Hogeschool Gent 2024

Nursing, Nepal Kathmandu

Initially, I thought about this decision for quite a while because I wasn’t sure if it was the right experience kind of experience for me. But I have always been very curious about the medical world in other countries. When my university presented me with the opportunity, I couldn’t let it pass.

I did it for both professional and personal growth. By undertaking a placement in another country, I knew I would get exposure to a new culture and broaden my perspective.


Work the World made this a perfect experience. The levels of support and organisation were brilliant. The Work the World team guided me through the process, which meant I could focus on the experience without worrying about the details.

They offered me guidance before, during, and after the placement itself. They helped me adapt to the new culture and the hospital environment. They were always there to tell me what to expect, introduced us to new hospital departments, and regularly visited me on placement to make sure I was getting the most from the experience.

Rob trip Oct 2013

I felt safe and secure in and out of the hospital, which was especially reassuring in this new environment.

The Work the World house was beautiful and spacious. I shared a single-sex room with other healthcare students, and there were lots of communal spaces, like the big dining room, where my housemates and I had the best time eating and chatting in the evenings after placement.

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The garden was perfect for relaxing, and every Thursday, we had BBQ night with the staff. The Work the World house has everything you need.

The Work the World staff were so friendly and attentive — I always felt looked after during my stay. There were a couple of days when I wasn’t feeling well, and the house staff checked in on me and even went to the trouble of preparing light meals for me. We felt like family by the end.

There were many differences between the healthcare systems in Belgium and Kathmandu. It wasn’t about a lack of knowledge because I saw how skilled and well-trained the staff were. The problems seemed more about organisation, government funding, and a lack of equipment and supplies.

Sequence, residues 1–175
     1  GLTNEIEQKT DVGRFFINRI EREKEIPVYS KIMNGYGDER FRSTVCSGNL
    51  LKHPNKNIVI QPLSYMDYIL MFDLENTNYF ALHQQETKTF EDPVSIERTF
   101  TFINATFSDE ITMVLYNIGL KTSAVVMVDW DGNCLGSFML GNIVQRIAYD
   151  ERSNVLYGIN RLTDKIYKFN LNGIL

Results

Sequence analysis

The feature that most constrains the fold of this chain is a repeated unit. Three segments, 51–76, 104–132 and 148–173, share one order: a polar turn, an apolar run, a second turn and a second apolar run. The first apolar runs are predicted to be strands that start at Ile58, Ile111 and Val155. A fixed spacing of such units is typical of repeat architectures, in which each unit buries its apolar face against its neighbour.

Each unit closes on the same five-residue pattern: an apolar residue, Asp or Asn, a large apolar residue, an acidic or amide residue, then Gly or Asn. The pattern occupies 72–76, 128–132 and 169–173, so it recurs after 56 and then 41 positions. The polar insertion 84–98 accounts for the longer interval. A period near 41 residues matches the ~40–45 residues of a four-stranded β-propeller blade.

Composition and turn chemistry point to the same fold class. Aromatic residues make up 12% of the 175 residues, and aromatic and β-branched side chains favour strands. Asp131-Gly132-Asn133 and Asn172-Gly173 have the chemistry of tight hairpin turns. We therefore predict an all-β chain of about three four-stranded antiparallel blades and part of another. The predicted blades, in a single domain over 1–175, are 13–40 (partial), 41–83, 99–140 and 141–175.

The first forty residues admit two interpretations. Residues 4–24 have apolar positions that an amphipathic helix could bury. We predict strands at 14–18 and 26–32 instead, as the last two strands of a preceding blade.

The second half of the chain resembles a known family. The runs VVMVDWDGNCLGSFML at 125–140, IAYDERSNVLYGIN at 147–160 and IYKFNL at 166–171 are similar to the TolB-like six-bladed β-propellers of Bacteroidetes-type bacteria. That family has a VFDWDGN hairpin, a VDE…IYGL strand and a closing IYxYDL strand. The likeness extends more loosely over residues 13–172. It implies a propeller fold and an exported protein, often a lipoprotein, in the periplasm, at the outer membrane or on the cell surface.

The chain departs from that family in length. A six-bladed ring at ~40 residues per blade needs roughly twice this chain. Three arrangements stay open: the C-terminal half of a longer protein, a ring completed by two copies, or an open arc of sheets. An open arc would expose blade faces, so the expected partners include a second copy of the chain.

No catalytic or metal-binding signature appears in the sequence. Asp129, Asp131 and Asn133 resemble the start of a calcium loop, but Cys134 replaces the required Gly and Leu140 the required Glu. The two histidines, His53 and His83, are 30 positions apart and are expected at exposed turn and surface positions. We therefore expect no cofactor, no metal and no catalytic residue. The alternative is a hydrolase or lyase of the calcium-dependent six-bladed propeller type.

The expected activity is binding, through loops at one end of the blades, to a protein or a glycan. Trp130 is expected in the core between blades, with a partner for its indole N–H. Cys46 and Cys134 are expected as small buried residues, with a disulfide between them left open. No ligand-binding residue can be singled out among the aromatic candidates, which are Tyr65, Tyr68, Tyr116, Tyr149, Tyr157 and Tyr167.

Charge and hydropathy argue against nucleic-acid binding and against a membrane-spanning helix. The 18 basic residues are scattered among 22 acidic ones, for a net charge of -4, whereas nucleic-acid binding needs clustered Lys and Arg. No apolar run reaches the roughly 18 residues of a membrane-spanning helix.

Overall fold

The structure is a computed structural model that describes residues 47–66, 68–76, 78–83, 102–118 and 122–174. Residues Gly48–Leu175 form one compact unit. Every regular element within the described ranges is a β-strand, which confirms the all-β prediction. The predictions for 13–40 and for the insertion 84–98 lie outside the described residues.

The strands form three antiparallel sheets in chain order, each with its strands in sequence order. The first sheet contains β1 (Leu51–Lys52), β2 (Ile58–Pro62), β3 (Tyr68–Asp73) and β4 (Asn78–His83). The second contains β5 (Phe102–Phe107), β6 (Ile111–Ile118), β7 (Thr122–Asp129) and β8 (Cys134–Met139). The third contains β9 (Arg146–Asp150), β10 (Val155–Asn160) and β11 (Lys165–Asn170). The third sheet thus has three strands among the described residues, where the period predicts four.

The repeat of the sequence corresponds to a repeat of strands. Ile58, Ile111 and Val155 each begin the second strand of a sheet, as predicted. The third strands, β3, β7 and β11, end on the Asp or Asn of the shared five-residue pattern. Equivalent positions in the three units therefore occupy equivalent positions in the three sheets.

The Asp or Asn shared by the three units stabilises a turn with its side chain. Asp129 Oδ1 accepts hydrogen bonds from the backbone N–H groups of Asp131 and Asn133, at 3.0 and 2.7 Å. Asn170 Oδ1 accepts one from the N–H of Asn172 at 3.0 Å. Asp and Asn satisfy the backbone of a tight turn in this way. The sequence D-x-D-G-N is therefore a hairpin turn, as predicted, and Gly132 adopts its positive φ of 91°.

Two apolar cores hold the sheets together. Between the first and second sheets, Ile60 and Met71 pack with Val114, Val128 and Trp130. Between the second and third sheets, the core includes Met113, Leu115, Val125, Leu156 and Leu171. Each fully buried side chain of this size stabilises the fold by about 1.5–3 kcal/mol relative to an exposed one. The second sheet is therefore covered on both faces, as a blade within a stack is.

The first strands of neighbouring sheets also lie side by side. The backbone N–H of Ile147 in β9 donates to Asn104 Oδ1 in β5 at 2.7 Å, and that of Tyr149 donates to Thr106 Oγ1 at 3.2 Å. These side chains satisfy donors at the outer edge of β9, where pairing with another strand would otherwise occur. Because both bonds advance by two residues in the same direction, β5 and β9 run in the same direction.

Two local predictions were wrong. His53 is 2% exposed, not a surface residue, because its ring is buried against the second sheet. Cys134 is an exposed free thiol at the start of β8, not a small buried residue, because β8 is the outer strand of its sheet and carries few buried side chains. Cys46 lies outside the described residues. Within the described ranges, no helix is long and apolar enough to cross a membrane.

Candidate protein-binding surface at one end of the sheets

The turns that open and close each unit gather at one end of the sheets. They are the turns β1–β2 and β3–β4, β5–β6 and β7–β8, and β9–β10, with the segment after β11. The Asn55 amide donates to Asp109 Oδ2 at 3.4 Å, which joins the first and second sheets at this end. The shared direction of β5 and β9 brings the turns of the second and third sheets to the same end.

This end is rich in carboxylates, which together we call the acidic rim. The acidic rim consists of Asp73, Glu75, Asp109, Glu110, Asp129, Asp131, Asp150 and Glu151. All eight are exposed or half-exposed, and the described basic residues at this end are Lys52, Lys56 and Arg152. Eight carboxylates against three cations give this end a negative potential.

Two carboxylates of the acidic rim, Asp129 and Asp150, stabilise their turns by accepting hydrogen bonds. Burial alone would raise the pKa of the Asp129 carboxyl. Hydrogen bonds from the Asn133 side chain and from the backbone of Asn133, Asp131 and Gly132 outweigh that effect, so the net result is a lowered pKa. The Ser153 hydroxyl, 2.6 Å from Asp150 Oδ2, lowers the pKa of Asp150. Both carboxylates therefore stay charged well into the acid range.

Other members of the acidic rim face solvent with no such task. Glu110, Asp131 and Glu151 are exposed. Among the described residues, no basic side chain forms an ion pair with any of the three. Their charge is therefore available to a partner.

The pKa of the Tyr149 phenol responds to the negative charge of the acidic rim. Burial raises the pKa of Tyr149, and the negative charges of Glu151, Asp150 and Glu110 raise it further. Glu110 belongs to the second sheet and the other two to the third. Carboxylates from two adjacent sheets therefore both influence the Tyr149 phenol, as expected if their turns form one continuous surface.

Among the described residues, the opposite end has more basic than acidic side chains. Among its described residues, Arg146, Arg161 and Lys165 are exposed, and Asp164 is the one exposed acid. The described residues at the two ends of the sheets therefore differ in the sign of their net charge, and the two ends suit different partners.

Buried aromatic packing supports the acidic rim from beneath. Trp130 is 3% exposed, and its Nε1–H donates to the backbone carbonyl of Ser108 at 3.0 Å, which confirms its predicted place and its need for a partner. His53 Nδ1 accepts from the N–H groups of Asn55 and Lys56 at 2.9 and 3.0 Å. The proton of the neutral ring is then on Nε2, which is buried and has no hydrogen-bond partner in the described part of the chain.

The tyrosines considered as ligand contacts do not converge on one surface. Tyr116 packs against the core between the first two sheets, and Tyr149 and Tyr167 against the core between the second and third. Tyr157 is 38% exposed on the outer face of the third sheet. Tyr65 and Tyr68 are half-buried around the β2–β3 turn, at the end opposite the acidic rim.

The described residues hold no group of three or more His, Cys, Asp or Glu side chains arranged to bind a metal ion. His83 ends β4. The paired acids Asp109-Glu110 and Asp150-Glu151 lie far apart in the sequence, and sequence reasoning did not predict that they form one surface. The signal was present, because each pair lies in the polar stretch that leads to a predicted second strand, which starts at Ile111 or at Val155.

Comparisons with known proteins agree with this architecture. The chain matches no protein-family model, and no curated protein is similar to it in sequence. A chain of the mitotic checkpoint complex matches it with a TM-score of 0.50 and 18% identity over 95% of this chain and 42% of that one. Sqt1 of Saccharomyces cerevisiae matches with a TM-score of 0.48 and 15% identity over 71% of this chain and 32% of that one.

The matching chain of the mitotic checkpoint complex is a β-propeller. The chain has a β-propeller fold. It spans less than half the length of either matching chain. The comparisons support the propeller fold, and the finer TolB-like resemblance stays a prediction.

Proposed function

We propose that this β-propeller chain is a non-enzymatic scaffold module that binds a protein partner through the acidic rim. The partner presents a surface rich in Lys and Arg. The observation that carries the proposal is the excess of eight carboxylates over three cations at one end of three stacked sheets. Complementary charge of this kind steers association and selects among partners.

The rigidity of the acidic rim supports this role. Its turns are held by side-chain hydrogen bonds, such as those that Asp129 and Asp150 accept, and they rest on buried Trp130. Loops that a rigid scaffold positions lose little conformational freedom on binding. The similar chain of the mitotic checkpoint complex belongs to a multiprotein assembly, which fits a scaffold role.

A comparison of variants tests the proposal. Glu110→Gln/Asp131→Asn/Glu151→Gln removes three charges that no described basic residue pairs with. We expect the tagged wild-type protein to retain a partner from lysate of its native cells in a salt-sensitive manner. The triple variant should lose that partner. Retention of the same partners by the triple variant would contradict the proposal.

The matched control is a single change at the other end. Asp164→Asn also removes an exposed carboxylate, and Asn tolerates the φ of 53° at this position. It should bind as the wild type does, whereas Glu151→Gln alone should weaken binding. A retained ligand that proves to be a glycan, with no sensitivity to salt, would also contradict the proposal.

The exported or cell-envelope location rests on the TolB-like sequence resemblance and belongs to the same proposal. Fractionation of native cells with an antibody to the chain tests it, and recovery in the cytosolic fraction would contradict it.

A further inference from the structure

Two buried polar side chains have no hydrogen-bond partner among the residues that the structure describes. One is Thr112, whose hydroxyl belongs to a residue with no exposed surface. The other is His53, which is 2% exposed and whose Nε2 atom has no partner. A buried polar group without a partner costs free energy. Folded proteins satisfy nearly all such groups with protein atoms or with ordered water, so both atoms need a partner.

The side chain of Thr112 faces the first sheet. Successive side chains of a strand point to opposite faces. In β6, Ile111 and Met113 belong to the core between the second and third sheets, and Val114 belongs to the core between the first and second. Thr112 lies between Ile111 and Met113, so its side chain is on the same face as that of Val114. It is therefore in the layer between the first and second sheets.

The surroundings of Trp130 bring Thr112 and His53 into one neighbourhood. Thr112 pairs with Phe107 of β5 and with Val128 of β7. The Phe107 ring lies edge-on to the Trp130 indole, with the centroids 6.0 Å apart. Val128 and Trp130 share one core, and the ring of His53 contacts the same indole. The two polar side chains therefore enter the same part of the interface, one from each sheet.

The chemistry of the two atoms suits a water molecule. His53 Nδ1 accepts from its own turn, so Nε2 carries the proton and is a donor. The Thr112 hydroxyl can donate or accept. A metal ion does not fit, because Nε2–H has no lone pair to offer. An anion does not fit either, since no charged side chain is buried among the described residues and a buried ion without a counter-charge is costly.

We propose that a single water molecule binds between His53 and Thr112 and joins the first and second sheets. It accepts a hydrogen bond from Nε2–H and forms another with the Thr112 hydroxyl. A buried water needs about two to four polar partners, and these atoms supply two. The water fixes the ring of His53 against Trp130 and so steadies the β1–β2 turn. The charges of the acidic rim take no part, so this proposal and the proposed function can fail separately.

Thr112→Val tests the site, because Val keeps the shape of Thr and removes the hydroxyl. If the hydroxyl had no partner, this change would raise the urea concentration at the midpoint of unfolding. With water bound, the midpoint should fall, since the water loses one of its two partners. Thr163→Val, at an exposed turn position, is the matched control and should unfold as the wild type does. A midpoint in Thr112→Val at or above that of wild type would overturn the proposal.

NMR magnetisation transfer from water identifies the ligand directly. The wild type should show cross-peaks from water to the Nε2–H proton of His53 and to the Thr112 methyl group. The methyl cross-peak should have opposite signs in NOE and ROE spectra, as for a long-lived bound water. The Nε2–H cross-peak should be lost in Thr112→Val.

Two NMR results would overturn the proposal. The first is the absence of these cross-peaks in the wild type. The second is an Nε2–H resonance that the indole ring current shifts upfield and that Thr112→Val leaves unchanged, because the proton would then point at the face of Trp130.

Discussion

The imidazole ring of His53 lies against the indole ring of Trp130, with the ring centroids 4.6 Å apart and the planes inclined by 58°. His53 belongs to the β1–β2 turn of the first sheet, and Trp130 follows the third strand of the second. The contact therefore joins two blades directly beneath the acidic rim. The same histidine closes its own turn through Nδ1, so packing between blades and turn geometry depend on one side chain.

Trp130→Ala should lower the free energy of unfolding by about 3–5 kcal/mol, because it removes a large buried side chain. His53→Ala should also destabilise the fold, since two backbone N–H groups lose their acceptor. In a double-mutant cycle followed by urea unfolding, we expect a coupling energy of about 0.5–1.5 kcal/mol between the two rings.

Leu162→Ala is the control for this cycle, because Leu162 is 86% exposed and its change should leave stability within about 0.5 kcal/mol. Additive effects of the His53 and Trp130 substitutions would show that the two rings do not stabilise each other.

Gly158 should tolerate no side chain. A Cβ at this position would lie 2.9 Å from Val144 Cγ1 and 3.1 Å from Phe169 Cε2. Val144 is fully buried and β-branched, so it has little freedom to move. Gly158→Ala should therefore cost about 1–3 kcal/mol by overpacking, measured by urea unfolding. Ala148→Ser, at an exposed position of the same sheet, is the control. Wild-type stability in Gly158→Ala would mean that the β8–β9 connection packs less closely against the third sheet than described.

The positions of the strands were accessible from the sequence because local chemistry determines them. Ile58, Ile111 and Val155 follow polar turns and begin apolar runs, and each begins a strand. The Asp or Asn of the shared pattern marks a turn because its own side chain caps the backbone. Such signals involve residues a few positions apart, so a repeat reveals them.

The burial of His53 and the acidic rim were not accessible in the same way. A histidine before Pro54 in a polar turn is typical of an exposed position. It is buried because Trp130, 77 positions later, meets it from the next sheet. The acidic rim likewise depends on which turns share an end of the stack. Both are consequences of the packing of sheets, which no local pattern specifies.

Some things really stood out to me. The hospital's rooms were huge, with so many patients in them. They had their families with them, too, and the families themselves were heavily involved in their care. These big open rooms limited patients' privacy, and the environment was very noisy.


Another big difference was the patients had to go and buy all their own medical supplies, even if they needed urgent care. Finally, there was a lot of bedside teaching about patients without actually talking to the patients themselves, which was clearly a cultural difference.

When we arrived in Nepal, we made a list of everything we wanted to see and do there. I recommend doing this because time really flies by without you even noticing it.

We tried to make the most of our time there by visiting some of the most beautiful and peaceful temples I’ve ever seen, like Swayambunath (Monkey Temple) and Boudanath Stupa. After placement, we also visited the busy streets of Thamel.

During the weekends, we planned multi-day trips. We saw wildlife on safari at Chitwan National Park, went paragliding and spent the evening by the lake up in Pokhara, and travelled to Bandipur where we went on a great jungle hike to a cave. There was more than enough to do to fill our time in Nepal.


One thing I will always remember is the people I got to know here. It was not just the kindness of the local people but also the other international healthcare students I met. We will be friends for the rest of our lives.

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